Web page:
- Vermont Joy Parade bus
Adam Linnebur thinks of his South Burlington home as an artist’s oasis — a freewheeling hangout for musicians, poets and performers of all varieties. But some of his neighbors are complaining that Linnebur has allowed this suburban section of town to become an unlicensed campground for his tattooed and scruffy friends.
The dispute has become something of a culture clash, with South Burlington homeowners on one side and Linnebur and his bohemian friends on the other.
On Monday night, the city’s elected officials stepped in the middle to mediate.
At issue is a city-owned right-of-way at the end of Hadley Road adjacent to Linnebur’s property. Linnebur has allowed the green space to become a parking lot for multiple vehicles, the biggest of which is a vegetable-oil-powered tour bus owned by the Burlington-based band Vermont Joy Parade. Detractors say the vehicles have hampered pedestrian access to wooded walking paths behind Rice Memorial High School and are creating “quality of life” problems for the neighborhood.
But the disgruntled neighbors never brought their gripes to Linnebur; they took them directly to the city’s public works, police and zoning departments. Officials at all three told the complainants that Linnebur’s parked cars and rambling abode weren’t breaking any laws, codes or ordinances.
So 23 homeowners signed a petition asking the South Burlington City Council to “take whatever steps are necessary to remedy this situation.”
On Monday, the matter went before the council for a public airing that was alternately heated and humorous. Frustrated neighbors told councilors they felt uncomfortable weaving through the used-car lot outside Linnebur’s home to get to the walking paths.
“I feel like I’m trespassing,” one woman said.
Another neighbor asked the council to amend city ordinance to make parking on public green spaces illegal.
Paul Demers of Meadow Road said Linnebur has essentially annexed public land for private use, allowing numerous friends to camp in cars and in tents pitched on the right-of-way. He worries that sets a bad precedent for the city.
“It’s surprising that someone who claims to have really great community values would just grab something that is everybody else’s and claim it for their own,” said Demers, who circulated the petition to the council.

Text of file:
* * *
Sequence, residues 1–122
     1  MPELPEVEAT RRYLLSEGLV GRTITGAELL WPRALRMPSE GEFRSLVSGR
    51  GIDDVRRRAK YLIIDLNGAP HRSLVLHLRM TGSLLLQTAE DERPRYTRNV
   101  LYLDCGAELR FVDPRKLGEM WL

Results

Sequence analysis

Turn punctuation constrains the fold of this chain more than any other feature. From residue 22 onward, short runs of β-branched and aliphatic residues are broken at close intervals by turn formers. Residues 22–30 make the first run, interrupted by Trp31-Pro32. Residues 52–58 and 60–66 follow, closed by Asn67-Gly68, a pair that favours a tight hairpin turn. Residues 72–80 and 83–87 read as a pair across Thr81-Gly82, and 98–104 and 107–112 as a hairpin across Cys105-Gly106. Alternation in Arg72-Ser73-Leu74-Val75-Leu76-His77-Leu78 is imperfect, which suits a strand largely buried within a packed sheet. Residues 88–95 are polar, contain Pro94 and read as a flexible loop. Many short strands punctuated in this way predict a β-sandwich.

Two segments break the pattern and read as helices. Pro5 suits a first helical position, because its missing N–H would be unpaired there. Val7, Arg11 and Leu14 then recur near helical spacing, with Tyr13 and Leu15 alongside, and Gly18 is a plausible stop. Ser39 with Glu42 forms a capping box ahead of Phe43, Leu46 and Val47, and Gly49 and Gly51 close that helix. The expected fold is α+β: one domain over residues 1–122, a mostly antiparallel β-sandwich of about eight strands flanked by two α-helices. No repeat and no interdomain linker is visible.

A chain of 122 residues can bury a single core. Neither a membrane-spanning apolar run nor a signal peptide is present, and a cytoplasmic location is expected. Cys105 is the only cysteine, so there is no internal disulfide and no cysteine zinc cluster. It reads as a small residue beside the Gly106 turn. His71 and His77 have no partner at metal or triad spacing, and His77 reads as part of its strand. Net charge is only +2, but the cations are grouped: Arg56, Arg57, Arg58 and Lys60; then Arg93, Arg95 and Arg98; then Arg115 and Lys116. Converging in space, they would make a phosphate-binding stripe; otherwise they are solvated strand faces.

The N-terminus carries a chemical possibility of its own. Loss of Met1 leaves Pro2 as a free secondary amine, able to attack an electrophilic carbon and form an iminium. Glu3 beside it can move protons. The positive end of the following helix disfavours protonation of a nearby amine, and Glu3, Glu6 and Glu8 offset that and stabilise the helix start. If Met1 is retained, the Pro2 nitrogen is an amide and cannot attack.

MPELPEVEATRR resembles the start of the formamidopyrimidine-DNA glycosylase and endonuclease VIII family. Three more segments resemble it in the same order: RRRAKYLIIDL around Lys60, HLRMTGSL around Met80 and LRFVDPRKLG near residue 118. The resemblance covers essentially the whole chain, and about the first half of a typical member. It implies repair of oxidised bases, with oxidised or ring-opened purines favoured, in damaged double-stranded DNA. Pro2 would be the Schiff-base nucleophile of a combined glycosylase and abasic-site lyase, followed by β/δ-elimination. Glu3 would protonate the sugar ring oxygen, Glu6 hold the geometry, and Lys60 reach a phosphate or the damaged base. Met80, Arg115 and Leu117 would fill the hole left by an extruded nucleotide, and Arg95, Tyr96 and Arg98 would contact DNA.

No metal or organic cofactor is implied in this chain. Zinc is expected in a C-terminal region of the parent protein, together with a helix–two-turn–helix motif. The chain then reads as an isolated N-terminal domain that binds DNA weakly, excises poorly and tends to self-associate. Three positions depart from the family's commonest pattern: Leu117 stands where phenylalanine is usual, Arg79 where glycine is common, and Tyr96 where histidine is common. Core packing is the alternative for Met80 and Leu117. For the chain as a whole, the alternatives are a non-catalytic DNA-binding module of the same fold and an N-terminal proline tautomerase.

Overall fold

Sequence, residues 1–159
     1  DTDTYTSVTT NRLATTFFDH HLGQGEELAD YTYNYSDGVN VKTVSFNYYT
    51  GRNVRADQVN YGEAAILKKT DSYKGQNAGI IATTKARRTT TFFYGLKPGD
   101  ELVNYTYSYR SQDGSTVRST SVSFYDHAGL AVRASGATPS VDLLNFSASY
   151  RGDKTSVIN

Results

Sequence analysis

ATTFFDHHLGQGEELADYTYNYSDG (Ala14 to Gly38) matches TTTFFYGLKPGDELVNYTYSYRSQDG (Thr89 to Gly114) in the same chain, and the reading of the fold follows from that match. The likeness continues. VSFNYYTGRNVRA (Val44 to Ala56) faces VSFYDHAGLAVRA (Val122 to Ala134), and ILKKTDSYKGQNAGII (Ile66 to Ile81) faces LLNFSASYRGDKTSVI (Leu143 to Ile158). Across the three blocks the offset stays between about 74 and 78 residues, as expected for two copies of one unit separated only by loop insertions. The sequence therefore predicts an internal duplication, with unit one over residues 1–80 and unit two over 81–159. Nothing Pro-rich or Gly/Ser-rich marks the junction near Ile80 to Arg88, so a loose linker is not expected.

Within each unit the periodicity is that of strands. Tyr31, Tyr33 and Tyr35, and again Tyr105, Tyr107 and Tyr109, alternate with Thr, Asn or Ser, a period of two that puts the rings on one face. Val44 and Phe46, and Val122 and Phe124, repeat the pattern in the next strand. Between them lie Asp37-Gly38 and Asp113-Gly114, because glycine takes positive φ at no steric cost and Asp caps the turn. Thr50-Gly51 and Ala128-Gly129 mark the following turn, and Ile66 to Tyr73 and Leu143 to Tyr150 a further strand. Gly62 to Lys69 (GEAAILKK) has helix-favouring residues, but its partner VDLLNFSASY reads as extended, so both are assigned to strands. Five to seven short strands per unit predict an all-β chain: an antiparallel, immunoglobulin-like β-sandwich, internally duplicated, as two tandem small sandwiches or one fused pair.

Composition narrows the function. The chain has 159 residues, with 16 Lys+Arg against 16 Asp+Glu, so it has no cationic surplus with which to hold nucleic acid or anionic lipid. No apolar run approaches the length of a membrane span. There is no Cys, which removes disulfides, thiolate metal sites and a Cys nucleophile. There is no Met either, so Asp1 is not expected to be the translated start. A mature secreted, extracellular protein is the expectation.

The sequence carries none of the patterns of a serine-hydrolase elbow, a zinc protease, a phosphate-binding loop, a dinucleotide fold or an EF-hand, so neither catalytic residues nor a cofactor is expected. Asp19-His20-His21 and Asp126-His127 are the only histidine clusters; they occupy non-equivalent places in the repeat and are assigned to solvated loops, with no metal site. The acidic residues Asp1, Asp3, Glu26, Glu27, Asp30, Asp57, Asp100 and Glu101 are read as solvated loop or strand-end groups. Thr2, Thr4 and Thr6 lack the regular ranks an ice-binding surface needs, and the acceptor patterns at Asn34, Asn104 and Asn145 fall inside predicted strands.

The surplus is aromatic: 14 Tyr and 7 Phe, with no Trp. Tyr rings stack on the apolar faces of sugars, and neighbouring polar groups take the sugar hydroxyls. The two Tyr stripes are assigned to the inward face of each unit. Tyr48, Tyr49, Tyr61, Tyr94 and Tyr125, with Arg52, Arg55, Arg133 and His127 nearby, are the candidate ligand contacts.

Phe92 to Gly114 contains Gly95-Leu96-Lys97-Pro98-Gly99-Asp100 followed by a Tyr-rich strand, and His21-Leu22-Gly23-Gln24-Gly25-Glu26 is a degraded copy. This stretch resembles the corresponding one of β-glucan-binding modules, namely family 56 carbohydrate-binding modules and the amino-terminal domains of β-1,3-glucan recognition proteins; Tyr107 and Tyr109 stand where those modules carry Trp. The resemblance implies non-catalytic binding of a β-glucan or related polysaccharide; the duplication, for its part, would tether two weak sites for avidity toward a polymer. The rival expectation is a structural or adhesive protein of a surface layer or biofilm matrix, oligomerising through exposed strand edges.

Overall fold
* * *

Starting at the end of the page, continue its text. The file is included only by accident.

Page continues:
One of Linnebur’s friends, poet and Vermont Joy Parade cornet player Ben Aleshire, said the band would soon be moving the tour vehicle, a converted school bus named Zeitgeist Apparatus II. Then he lightened the mood with a profession of love.
“I don’t know you, but I love you and I think you’re beautiful,” Aleshire told the council, as nervous laughter erupted in the meeting room. “I would suggest that after the meeting we could all hug each other, touch each other.”
Without missing a beat, City Council Chair Rosanne Greco shot back, “That’s the first time anyone’s ever said they wanted to hug us. But then, you’re from Burlington.”
In an interview three days earlier, Aleshire was more serious about what he sees as the motivation underlying the dispute. The situation isn’t about green space, parking or access to woods, Aleshire surmises; it’s about “middle-class fear.”
“Adam Linnebur and his housemates aren’t doing anything illegal, but they do have tattoos, ride motorcycles, plant gardens, play music, drive around in painted buses and take part in a style of vibrant community that is more commonly found in [Burlington’s] Old North End,” he said.
But some neighbors reject the hippies-versus-squares narrative. “The whole thing of framing this as between conventional and bohemian really chaps my hide,” Orchard Road resident Laurel Williams told the council. “It’s about manners and recognizing boundaries. This is a public good and should remain as such.”
Added Demers, “This is not a lifestyle kind of issue. We’re kind of a bohemian neighborhood, too. There’s a pretty live-and-let-live attitude.”
Linnebur bought his split-level house on Hadley Road — two blocks off Route 7 — a year and a half ago and immediately put his own stamp on the property. He turned his front lawn into a vegetable garden. He bought a 104-year-old upright piano and lugged it upstairs so friends could entertain. He also parked two boats and several cars he’s fixing up — all legally registered — on his property and on city streets and the publicly owned green space.
Linnebur says he wants to be neighborly and can move the cars to clear a path to the woods. That’s the easy part. But he says, “I’m not sure what to do about the aesthetic difference.” He likes the mix of artists and musicians that live and hang out at his place and hates the idea of having a tidy, manicured yard without any “junk.”
“I came home one day and this amazing accordion player was on my front steps playing,” he recalls. “And I’m like, this is so awesome!”
Last summer, Vermont Joy Parade performed at a neighborhood block party and barbecue for residents of Meadow and Hadley roads, and Linnebur said it went over smashingly. In light of that, he was surprised that his neighbors would take their concerns to city hall instead of engaging him directly.
At Monday’s meeting, Greco recommended the neighbors find a solution together and offered the assistance of the city’s mediation specialist.
“We’re not a mediation board,” Greco said. “We can pass ordinances ... but it takes neighbors coming together and speaking amongst yourselves.”
Linnebur is in the process of soundproofing his garage so neighbors don’t hear bands practicing or artist friends using his power tools. He feels positive about resolving the dispute but says he can only compromise so much.
“I’m within my rights as a property owner,” Linnebur said. “I’m not going to get rid of all my stuff because people don’t want to look at it.”